To answer our two guiding questions – where and how do aspects of households and consumption unfold in the agrifood chain and how can gender analysis help to make these visible? – the examples demonstrate that consumption, the hidden end of the value chain, can have a variety of effects on different nodes in the agrifood chain. Dynamics and developments in the consumer segment have repercussions in terms of social inequalities. These inequalities stretch from the field to the kitchen, making culturally relevant food inaccessible or increasing the workload for both producers and consumers. By assessing gender as an analytical category and by applying feminist perspectives to agrifood chain analysis, the household, the gendered work being done there, and the consumption happening there can be highlighted.

Based on three points, we would like to suggest a holistic agenda for making the hidden end of the value chain and its links to gender, the household, and consumption more visible. First, consumption has to be conceptualized as an integral part of the agrifood system. A shift is required in how consumption and its place in the chain is conceptualized: Consumption is not an isolated component; rather, it is embedded in a complex agrifood system. A fragmented look at individual nodes in the chain hides social practices and power relations. Moreover, the place where this consumption is embedded – the household – has to be taken seriously, and “lifting the roof off the household” (Seager, 2019) is essential. Therefore, collaborative and transdisciplinary exchanges along the entire value chain promise rich and integrated perspectives for agrifood research. Here, the concept of livelihoods (Wichterich, 2004; Weeratunge et al., 2010; Krishna, 2012) can be of help: Looking at the livelihoods of people in the value chain, instead of only paid employment or economic aspects, helps to grasp the broader context of the chain and the hidden end.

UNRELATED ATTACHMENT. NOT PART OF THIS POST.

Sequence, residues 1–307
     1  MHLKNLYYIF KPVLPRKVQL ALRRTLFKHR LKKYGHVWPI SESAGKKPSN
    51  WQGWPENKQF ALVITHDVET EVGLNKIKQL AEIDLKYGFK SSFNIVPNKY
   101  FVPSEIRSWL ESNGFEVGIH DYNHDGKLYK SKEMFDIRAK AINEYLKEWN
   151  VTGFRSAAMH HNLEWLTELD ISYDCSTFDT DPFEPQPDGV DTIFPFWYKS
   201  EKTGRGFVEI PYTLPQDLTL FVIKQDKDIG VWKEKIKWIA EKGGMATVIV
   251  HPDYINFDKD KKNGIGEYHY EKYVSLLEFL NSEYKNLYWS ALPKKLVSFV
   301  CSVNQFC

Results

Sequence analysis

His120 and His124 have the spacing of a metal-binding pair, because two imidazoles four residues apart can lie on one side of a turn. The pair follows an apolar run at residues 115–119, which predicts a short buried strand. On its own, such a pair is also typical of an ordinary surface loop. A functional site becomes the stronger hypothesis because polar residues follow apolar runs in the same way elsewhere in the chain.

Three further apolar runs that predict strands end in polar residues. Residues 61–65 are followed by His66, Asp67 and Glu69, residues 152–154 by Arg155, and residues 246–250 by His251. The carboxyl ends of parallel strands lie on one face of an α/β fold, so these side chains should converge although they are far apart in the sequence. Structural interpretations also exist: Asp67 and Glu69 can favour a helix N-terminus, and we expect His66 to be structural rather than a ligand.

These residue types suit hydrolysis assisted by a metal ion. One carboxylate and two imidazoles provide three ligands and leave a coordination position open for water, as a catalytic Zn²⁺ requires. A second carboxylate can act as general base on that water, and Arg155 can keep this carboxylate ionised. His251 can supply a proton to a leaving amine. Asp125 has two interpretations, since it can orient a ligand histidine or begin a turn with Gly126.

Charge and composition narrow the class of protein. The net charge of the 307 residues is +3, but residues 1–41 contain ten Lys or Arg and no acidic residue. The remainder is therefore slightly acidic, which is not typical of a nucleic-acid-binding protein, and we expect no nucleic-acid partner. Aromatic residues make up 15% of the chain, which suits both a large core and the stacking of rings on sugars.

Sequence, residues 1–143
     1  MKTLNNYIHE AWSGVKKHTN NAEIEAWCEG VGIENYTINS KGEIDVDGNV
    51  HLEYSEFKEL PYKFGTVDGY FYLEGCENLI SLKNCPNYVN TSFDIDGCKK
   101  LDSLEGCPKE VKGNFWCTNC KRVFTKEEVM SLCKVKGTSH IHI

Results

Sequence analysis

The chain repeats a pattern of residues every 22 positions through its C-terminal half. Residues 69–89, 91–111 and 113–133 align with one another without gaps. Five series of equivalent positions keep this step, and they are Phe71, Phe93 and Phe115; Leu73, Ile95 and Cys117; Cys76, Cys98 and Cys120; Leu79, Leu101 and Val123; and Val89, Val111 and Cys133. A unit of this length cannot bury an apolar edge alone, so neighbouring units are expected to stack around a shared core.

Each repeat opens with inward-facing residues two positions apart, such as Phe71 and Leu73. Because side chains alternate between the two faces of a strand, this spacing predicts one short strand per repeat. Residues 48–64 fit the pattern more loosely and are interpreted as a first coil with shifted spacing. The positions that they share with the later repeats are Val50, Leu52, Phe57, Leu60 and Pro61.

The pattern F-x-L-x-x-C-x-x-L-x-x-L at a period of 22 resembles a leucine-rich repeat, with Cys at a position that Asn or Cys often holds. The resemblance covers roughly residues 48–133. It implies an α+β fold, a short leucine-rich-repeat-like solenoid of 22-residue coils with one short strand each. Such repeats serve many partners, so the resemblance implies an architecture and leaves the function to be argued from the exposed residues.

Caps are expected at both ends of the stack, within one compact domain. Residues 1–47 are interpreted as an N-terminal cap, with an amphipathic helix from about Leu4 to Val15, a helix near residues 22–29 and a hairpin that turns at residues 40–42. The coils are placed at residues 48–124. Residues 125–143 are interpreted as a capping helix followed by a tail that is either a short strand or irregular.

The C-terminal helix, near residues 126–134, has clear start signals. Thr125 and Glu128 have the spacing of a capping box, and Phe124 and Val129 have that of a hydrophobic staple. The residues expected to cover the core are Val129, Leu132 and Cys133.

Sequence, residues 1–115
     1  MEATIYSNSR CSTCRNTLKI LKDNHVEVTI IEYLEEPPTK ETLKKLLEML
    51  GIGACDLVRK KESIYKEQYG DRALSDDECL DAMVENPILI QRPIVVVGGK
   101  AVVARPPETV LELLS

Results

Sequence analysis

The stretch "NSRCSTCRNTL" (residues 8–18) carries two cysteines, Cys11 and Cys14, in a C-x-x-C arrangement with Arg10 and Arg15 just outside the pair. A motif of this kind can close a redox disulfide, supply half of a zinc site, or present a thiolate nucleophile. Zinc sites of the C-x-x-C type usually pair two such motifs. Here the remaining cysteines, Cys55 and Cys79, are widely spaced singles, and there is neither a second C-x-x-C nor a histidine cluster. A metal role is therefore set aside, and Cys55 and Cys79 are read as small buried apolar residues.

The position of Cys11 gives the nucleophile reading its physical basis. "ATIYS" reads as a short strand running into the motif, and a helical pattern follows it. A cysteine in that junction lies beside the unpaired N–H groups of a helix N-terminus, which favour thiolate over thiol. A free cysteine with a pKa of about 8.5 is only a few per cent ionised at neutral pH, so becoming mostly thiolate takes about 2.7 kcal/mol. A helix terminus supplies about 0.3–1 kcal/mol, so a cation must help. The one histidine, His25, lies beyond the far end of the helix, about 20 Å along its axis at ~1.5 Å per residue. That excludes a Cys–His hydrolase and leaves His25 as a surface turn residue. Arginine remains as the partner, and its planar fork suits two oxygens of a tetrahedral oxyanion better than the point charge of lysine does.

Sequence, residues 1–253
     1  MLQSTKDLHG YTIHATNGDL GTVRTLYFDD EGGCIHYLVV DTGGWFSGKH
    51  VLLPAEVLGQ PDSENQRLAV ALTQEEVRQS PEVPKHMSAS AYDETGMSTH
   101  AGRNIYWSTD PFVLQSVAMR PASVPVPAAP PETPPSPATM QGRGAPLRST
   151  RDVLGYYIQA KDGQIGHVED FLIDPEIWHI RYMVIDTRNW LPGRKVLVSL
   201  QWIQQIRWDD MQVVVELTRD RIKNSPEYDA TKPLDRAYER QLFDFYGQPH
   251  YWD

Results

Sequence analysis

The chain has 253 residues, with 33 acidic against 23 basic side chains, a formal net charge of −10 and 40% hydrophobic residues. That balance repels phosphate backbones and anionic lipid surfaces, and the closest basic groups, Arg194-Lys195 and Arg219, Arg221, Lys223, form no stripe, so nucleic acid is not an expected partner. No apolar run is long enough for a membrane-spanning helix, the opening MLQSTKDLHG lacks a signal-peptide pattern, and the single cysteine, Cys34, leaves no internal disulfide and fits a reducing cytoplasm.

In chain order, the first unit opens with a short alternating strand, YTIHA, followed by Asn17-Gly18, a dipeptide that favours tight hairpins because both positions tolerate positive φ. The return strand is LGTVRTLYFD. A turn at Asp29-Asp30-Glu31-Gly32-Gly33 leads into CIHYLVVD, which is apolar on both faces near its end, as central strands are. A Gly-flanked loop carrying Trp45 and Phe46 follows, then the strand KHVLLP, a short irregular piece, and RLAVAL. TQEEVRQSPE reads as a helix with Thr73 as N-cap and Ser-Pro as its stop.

Second, the application of gender analysis with a broad conception of gender represents a crucial element in the proposed agenda. Gender analysis enables an investigation of how practices and social hierarchies in agrifood chains are gendered. Often, this implies shedding light on the situation of women, who tend to be overlooked in mainstream knowledge production, making it an important task for feminist research. It is vital to consider gender as an analytical category, and gender-disaggregated data needs to be collected (Selva and Janoch, 2022). However, “gender” cannot be equated with “women,” and contemporary gender analysis also needs to include men and masculinities, as well as other genders. As examples for future studies, research that adds the concept of “hegemonic masculinity” (Connell, 2005) to the discussion is inspiring. McCarthy et al. (2020), for instance, investigate constructions of masculinity and male power in labor standards and welfare programs in value chains, while Patel-Campillo (2012) looks at gender relations, including women and men, to understand the relationship between production and consumption. Taking up this research can impact future studies, enabling them to address the gendering of agrifood practices while challenging not only constructions of femininity but also of masculinity.